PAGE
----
Access to Medical Technology in Europe
In this article, we will firstly present the case of two patients for whom, despite similar medical conditions, different therapies were advised, to highlight the inequality in access to medical technologies in Europe. Then, we will look at the matter of cost-effectiveness – are patients being differently treated in the same cases, due to financial pressures and despite thorough guidelines?
The case we present here not only shows that clinical use of
electrical devices in Europe may not be homogeneous, but also highlights the
fact that the relatively high cost of electrical devices may represent a factor
that can condition, sometimes to a considerable extent, the decision to implant
an electrical device “in the right patient, at the right time”.
Cases Highlight Differences in Therapy in Europe
A male patient, Luigi, aged 58, living in Italy, was diagnosed as being affected by dilated cardiomyopathy with depressed left ventricular ejection fraction (26%), in the absence of coronary artery disease. He was followed for the last three years by a team of physicians working in a heart failure clinic, but in the last year his condition worsened (NYHA class III), with repeated hospitalisations for acute heart failure and recurrent atrial fibrillation.
Eight months ago, he underwent implantation of a device for cardiac resynchronisation therapy and in the following weeks his clinical condition improved markedly, with no further need for hospitalisation, no recurrences of atrial fibrillation and the possibility of reducing the use of diuretics. Quality of life and exercise capacity improved and he is now able to perform moderate physical activity without any problem.
Twenty days afterwards he was informed that his closest friend had died suddenly, during sleep, at the age of 61. As soon as he received this news, he had a sudden loss of consciousness, followed by delivery of a shock by the implanted device, with prompt resumption of consciousness. He was admitted to the emergency department and the physicians ruled out any coronary or major cardiovascular event; interrogation of the device revealed that loss of consciousness was due to high rate ventricular tachycardia at 230 bpm. The cardiologist said that the appropriate and prompt device activation had “saved his life”.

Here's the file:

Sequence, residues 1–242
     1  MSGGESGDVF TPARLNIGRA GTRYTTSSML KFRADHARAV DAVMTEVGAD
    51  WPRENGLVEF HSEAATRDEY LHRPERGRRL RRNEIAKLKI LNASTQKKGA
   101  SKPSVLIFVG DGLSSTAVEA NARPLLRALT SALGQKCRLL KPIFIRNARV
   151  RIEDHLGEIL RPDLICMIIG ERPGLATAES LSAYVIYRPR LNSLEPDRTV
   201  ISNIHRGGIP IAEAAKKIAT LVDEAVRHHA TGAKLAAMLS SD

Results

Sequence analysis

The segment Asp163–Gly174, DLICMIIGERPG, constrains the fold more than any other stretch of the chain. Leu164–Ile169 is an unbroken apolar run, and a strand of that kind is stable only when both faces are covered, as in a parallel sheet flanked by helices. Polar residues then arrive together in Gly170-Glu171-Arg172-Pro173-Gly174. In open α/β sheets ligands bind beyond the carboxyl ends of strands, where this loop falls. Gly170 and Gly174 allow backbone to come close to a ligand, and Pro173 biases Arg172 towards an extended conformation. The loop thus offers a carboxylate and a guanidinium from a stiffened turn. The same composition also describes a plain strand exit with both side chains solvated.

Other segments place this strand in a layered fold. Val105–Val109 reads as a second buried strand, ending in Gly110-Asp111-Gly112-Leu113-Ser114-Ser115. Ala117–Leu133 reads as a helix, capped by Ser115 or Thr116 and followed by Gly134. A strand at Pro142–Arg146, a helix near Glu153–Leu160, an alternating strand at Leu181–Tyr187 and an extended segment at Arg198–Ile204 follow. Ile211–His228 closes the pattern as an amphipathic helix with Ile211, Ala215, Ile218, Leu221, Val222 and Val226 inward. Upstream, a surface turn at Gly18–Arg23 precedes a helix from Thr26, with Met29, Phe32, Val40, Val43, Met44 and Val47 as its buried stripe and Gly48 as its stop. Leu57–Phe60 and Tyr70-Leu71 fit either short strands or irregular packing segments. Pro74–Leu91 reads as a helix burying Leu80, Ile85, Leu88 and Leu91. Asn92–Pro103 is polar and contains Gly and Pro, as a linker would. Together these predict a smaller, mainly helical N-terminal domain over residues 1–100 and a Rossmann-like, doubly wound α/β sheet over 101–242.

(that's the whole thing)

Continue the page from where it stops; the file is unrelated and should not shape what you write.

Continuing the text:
Luigi is in contact with his sister Anna, aged 62, who left Italy 25 years ago, moving to France. She too is affected by dilated cardiomyopathy (left ventricular ejection fraction 28%) and after a diagnostic work up (echocardiogram, exercise test, myocardial scintigraphy), was followed by her GP. She has been in stable condition for one year, but in the last six months, her condition worsened with shortness of breath requiring increasing dosages of diuretics, ace-inhibitors and carvedilolol. The GP sent her for a series of consultations with the specific request of deciding about device therapy.
Unfortunately, the patient received conflicting advice: a first cardiologist suggested implanting a defibrillator, a second, after an echocardiogram showing ventricular dyssynchrony, advised implantation of a biventricular pacemaker (CRT-P device) and a third cardiologist told her that “The ideal device would be a device for biventricular pacing & defibrillation (CRT-D device) but the budget of our hospital is limited and since we are in October it is better to wait for the beginning of next year”.
Anna was confused by the different suggestions coming from the cardiologists
who examined her and had difficulty understanding why there were discrepancies
in decision-making; she was also worried about the potential risk of waiting
before a decision.
Evidence-Based Guidelines Recommend Electrical Devices